When you combine sodium chloride (or salt) with sterile water, you get saline solution. The proportions or concentrations of sodium chloride can vary, but typically, commercially available saline solution contains just 0.9% sodium chloride. This is what is used by hospitals in saline drips or intravenous infusions (IV).
Saline solutions are a common treatment for dehydration, especially for patients who are incapable of any oral intakes of liquids or nutrients. In many cases, the doctors will combine saline solution with dextrose or glucose, which will help minimize the amount of sodium in the blood stream and prevent the corresponding complications.
Saline solution also has many other medical uses. For example, it is used for nasal irrigation (for those who suffer chronic sinus problems), or to clean and store contact lenses. Note, however, that nasal sprays and contact lens products also contain other chemicals for their specific purpose, and cannot be used interchangeably.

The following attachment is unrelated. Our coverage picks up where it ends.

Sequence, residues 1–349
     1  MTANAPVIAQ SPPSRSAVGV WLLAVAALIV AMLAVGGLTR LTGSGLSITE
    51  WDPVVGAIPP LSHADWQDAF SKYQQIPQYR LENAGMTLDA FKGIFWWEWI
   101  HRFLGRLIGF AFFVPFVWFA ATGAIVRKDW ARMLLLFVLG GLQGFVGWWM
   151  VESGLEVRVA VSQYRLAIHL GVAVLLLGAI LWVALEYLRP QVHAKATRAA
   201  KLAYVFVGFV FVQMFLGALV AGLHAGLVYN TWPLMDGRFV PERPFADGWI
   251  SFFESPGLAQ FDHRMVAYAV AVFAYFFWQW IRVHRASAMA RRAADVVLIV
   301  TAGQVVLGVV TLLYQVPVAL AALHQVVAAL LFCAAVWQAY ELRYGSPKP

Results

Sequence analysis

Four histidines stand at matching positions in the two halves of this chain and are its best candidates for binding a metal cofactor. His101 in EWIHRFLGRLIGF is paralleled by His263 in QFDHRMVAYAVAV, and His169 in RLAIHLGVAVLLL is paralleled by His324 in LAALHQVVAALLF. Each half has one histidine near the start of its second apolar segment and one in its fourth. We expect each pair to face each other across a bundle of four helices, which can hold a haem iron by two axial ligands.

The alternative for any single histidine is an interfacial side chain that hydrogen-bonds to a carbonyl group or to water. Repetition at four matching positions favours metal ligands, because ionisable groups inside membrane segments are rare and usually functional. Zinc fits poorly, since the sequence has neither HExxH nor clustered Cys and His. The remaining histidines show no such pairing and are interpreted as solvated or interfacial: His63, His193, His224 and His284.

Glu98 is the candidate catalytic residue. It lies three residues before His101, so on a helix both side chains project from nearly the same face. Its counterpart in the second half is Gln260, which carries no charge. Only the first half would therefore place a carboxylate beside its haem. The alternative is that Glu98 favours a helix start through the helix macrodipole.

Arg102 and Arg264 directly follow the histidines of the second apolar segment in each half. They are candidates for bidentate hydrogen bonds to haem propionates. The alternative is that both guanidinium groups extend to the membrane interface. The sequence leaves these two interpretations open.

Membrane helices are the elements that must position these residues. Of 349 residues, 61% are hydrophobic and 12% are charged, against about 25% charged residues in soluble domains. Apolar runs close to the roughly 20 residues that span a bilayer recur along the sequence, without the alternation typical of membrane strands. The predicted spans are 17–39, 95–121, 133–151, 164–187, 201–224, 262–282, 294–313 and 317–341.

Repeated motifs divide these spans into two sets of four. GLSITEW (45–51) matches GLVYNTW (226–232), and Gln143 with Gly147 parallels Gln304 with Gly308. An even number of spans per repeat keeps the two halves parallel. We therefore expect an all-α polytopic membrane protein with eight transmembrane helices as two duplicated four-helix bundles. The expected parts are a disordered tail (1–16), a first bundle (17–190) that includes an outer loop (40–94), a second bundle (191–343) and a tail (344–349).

While saline solution is readily available and quite affordable, it is possible for people to make their own—but only for the purpose of nasal irrigation. Simply combine half a teaspoon of non-iodized salt with one cup of sterile or purified water (check the labels of bottled water). For any concerns or questions about homemade saline solution, it is best to consult a doctor or pharmacist.
An at-home nasal saline solution can be made by combining ½ teaspoon of non-iodized salt with one cup of purified water and allowing it to reach room temperature covered. A solution prepared at home should never be used for anything other than nasal irrigation. If you are not sure how to safely rinse nasal passages, ask for directions from a doctor or pharmacist.